It took 113 days, but the NHL and the NHL Players' Association finally reached a tentative agreement on a new collective bargaining agreement on Sunday morning.
In the end, a deal was reached only after both sides were willing to provide concessions – something that they were only willing to do when both were backed against the wall with the prospect of another lost season at hand.
Although the owners were able to reach their ultimate goal of a 50/50 split in hockey-related revenue, the players were able to gain some smaller victories during the final set of negotiations.
According to TSN hockey analyst Mike Johnson, although the players won "some of the late battles" on issues related to contracts, the year two salary cap and a pension, "they lost the big war" in the end.
"There's only one number that really counts and that's the 50/50 because regardless of how you shuffle it around and what contract rights you keep or do not keep, you're only going to get 50 percent of the revenue," Johnson said. "So it doesn't matter for the players if they the team spent too much, too little, 50 percent will always be coming to the players, that's the big number."
TSN hockey insider Bob McKenzie also weighed in saying that the last lockout should be considered before any quick judgments are made in terms of which side won or lost.
"We did last time and we were 100 percent wrong…After the last CBA was settled everybody said, 'the players got absolutely crushed, this is a mortifying deal for the NHL Players' Association,' McKenzie said. "Eight years later, the players would want to stay in the same CBA and would stay forever in it because they thought it was terrific. So you got to be careful in these snap judgments."
Speaking with Dave Hodge on Sunday morning, Sports Illustrated's Michael Farber and Sun Media's Steve Simmons didn't hesitate to claim victory for one side or the other.
Simmons said that although during the last lockout there was an overwhelming feeling that the owners were victorious, at the end of the day players' salaries continued to go up and eventually caused a second stoppage inside of 10 years.
"Players win, players always win, especially the guys who can play win," Simmons said. "They're back, they're getting paid well. The biggest factor…is that second year cap that they (the league) basically stood on, said we're not moving off this hill and Bill Daly was prepared to die on that hill. He didn't die on that hill, he's still alive and now hockey's alive."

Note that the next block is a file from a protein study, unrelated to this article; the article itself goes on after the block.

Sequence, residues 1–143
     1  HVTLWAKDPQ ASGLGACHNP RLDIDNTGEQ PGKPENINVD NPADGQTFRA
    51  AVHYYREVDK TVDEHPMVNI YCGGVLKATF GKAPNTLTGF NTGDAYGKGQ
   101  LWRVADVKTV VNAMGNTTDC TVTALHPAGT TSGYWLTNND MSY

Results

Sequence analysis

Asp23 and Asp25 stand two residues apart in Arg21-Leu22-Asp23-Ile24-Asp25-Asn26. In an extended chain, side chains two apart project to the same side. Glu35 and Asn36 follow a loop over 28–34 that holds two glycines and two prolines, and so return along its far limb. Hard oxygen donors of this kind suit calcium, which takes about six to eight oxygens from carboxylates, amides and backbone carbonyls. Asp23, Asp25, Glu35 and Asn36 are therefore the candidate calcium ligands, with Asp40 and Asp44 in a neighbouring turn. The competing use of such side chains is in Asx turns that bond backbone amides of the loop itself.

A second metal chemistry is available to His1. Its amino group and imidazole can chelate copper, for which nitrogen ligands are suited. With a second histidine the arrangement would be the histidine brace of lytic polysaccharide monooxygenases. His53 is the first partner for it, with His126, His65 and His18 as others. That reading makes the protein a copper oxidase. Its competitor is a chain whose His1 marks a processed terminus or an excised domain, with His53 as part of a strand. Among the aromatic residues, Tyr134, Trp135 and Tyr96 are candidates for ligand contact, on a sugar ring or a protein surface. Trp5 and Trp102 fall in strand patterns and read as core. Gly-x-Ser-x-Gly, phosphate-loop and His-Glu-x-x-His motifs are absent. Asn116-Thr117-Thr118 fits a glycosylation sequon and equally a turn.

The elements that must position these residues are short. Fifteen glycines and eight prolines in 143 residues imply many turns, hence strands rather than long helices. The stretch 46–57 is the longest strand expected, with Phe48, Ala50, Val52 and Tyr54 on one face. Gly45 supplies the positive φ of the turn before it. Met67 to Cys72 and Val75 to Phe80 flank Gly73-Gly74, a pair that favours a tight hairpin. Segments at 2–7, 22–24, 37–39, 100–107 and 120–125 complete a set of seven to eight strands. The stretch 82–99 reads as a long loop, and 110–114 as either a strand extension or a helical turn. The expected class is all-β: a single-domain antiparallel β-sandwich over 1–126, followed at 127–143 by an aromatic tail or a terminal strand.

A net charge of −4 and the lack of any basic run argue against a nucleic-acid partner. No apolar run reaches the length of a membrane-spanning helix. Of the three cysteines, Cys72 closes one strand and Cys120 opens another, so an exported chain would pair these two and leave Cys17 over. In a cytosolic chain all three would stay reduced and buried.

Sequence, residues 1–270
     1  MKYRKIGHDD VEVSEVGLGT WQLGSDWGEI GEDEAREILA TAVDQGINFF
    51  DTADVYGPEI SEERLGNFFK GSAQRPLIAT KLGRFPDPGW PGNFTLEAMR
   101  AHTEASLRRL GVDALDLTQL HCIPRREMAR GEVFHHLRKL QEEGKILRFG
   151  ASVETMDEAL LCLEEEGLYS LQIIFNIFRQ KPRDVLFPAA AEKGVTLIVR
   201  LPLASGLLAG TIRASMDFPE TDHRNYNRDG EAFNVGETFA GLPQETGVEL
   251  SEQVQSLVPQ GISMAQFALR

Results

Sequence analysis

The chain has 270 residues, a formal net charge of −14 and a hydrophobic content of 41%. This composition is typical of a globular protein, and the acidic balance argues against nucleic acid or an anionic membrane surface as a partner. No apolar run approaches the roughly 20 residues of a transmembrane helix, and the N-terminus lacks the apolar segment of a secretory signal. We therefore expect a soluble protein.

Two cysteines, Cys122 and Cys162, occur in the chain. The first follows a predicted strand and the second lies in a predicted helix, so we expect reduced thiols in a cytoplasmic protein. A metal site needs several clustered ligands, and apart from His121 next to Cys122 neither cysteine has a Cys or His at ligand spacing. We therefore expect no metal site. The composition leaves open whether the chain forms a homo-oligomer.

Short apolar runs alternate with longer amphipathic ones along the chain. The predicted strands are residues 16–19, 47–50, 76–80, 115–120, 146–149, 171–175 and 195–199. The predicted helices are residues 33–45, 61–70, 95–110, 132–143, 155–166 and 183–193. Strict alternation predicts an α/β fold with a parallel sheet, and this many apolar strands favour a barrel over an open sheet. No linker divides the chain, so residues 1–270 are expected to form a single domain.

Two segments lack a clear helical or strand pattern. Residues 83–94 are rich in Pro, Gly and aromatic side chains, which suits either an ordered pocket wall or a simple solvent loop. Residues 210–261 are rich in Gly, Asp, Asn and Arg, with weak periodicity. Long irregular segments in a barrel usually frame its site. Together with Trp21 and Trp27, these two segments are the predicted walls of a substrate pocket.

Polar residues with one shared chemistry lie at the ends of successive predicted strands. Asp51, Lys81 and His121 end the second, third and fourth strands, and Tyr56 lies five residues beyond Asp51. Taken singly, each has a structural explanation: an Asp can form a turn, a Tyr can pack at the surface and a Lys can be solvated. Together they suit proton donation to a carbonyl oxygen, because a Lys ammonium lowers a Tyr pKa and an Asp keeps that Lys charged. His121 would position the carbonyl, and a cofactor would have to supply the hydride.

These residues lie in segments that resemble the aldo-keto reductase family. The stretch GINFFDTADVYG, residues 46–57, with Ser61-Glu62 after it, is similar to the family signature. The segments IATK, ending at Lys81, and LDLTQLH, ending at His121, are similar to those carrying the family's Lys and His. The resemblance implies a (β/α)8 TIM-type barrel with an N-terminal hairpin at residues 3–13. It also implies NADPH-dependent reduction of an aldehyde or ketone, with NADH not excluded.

According to Farber, the determining factor in finding a winner or loser was the key HRR number of 50 percent.
"Look globally. We've gone from 57 percent to 50 percent for players," Farber said. "We've gone from unlimited contracts, including back-diving contracts for players to variance and maximum of seven or eight years depending. So how can the players win when they limited in the length of their contract and when the gross HRR going to players is reduced from 57 to 50. So owners win."
Cathal Kelly of the Toronto Star also weighed in and agreed with Farber, but said the league's concessions in the final days of negotiations could be looked at as smaller victories for the players.
"The owners win in the macro sense, but in the micro sense there was no rational world in which the players could give up an entire season and then claim that they had won," Kelly said. "They had already lost, so this is a limited victory on their part within the last week."
Wrapping up the discussing, TSN's Dave Hodge said that unlike 2004-05, the players stuck together and did not concede as much as they had previously and that the owners' likely did not get as much as they had expected.
"The assumption is that there will be always cracks in the players groups before there will be cracks in the owners group. I think – not that the cracks were wide – but I think we may have seen the opposite here," Hodge said. "So maybe the players can claim that they won because they may not have given up as much as they might've or that the owners wanted."
Still, in the end, as NHL players get ready to return to the ice for their NHL clubs, the ultimate winners will be the fans, who finally get to see the return of NHL hockey after undeservingly being dragged through a lockout that tested their patience and loyalty.
That commitment will belatedly be rewarded in less than two weeks as the NHL will officially drop the puck on their 2013 regular season, in what will hopefully mark the beginning of a decade or more of uninterruped on-ice action.